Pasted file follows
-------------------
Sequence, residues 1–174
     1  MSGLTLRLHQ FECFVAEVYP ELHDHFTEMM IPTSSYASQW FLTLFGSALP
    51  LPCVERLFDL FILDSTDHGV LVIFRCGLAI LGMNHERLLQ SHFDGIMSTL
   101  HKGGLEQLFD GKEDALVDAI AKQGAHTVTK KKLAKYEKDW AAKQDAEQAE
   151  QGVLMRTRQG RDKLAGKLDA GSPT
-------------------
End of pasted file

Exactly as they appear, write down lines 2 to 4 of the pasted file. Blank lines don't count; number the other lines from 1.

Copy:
     1  MSGLTLRLHQ FECFVAEVYP ELHDHFTEMM IPTSSYASQW FLTLFGSALP
    51  LPCVERLFDL FILDSTDHGV LVIFRCGLAI LGMNHERLLQ SHFDGIMSTL
   101  HKGGLEQLFD GKEDALVDAI AKQGAHTVTK KKLAKYEKDW AAKQDAEQAE